A red Toyota Prius was stopped at a street signal Saturday afternoon at an intersection facing east on Commercial Street by Eighth Street. During the wait, a passenger held a cardboard sign out the window that read “Vote them Out” — an apparent reference to lawmakers who don’t support gun control.
Seconds later, hundreds of protesters at the four corners of the intersection chanted the sign’s message in unison. Demonstrators shared similar messages for more than an hour in chilly, damp weather. The rally, one of several in Oregon, was organized in support of the national March for Our Lives that took place Saturday in Washington, D.C., and across the nation and world.
In lieu of a march, Indivisible North Coast Oregon — the progressive activist group that organized the event — encouraged participants to bring signs and yell chants as some of the drivers passing by honked their horns.
“We’re doing kind of a reverse march,” said Laurie Caplan, one of the group’s leaders. “We stand still and they drive past us.”
In response to a February shooting that killed 17 people at a Florida high school, local students have been attending Indivisible meetings as the group prepared for the rally.
“They thought having a main kid here would be awesome to show it’s not just parents and adults setting this up,” said Azaria Damghani, 14, an Astoria High School student who helped lead a walkout at the school earlier this month against gun violence. “We hope people are finally realizing that these adults have kind of screwed us over. It’s intriguing that these adults are so surprised that we want to speak up.”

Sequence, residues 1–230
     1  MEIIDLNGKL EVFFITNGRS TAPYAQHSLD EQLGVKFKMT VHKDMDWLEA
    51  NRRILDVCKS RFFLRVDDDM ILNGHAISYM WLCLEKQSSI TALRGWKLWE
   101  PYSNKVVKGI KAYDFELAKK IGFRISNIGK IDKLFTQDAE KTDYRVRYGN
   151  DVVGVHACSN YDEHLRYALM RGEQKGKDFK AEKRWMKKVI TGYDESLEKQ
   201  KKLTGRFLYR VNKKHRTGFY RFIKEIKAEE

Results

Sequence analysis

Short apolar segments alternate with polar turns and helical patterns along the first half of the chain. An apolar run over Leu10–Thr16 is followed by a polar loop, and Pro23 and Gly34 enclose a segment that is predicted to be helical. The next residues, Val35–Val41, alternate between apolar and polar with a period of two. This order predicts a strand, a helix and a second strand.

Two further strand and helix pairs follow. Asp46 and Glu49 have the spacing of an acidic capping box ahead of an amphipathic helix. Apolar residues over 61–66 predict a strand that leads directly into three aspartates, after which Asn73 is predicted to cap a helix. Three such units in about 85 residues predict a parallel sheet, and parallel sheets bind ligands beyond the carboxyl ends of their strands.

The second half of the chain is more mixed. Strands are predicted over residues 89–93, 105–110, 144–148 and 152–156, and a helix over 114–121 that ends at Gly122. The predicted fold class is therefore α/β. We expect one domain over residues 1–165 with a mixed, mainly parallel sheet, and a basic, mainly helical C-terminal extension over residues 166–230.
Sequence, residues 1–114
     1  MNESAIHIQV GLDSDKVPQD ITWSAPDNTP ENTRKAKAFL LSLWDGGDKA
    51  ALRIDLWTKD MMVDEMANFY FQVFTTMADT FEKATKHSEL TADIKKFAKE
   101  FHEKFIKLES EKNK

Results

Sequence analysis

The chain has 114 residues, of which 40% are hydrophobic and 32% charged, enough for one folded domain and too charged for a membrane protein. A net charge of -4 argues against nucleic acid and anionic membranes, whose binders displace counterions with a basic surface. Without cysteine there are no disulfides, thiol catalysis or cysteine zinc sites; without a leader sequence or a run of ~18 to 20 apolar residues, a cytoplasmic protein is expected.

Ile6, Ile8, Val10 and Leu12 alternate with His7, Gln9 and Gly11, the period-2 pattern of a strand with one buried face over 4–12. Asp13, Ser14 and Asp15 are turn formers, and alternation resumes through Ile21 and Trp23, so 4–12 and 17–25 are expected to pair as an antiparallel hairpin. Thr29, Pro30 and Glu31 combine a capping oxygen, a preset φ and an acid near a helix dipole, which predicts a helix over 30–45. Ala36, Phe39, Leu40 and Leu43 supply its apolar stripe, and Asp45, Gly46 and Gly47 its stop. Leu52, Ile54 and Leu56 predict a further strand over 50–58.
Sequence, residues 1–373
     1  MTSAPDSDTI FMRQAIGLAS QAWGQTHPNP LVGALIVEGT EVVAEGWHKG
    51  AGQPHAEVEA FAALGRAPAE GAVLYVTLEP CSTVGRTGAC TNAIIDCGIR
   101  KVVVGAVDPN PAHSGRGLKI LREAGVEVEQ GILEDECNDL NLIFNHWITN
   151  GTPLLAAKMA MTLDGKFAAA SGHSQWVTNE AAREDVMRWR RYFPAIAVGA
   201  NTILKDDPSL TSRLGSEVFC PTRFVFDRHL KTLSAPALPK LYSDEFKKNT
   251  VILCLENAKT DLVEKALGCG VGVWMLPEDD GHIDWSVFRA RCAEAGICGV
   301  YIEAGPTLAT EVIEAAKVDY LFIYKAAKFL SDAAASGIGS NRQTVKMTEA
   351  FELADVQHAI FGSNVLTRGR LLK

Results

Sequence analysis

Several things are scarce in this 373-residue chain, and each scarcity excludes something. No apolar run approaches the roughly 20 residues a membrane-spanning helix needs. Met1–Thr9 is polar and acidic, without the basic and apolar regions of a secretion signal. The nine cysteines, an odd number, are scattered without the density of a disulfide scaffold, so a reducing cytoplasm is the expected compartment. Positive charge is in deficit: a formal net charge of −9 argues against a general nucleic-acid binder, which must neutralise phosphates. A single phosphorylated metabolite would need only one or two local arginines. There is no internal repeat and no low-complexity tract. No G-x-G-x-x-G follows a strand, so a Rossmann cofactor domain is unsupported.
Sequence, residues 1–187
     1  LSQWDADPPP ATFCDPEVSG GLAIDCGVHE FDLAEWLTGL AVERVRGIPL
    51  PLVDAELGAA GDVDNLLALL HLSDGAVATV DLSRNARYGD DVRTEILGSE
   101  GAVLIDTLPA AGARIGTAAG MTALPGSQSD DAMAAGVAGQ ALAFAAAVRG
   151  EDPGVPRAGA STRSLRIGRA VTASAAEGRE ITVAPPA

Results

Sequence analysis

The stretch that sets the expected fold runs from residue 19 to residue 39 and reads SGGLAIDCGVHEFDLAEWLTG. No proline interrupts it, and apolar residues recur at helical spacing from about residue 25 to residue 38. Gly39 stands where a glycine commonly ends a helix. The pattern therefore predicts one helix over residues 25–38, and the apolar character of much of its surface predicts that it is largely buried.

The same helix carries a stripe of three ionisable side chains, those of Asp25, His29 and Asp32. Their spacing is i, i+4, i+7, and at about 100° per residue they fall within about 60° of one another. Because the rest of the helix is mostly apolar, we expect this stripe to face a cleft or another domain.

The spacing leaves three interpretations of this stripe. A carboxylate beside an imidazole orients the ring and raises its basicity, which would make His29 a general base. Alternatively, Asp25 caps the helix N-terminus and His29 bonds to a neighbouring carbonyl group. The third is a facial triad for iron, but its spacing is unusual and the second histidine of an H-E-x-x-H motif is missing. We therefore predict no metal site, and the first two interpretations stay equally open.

Conversations about guns have reached students at other schools throughout Clatsop County as well.
“Our teacher, she talks a lot about guns, which I understand,” said Gohr Quin, 10, a Lewis and Clark Elementary School student.
An Astoria police officer stood watch at one of the street corners throughout the rally. Small barricades, which were not used, were stacked near the post office.
People at the rally overwhelmingly vocalized their support for gun control legislation, with some exceptions.
Lois Dupey, 61, of Astoria, stood on one of the street corners chanting, “Defend the Constitution” and holding a sign that read, “Take out the Second Amendment and who will defend you?”
A handful of protesters crowded her to challenge the statements. “Do you want kids to be killed by guns?” one man asked her. “Don’t touch me,” she snapped back.
“The Second Amendment is under attack by the people who are using terrorist acts in our schools to take our guns away. Not OK,” Dupey said after the rally. “People get on this bandwagon and just don’t think.”
Students at the rally said recent shootings and the need for routine lockdown drills have frightened them.
“I don’t like the impending doom feeling like I could walk into school one day and watch my friends die,” said Leo Van Steenberg, 14, an Astoria High School student.
Many at the rally questioned whether elected officials have the political appetite to change gun laws.
“They’ll probably just put out a statement and say, ‘Hey, thanks for going out,’ and probably do nothing,” said Abby Ank, 15, an Astoria High School student.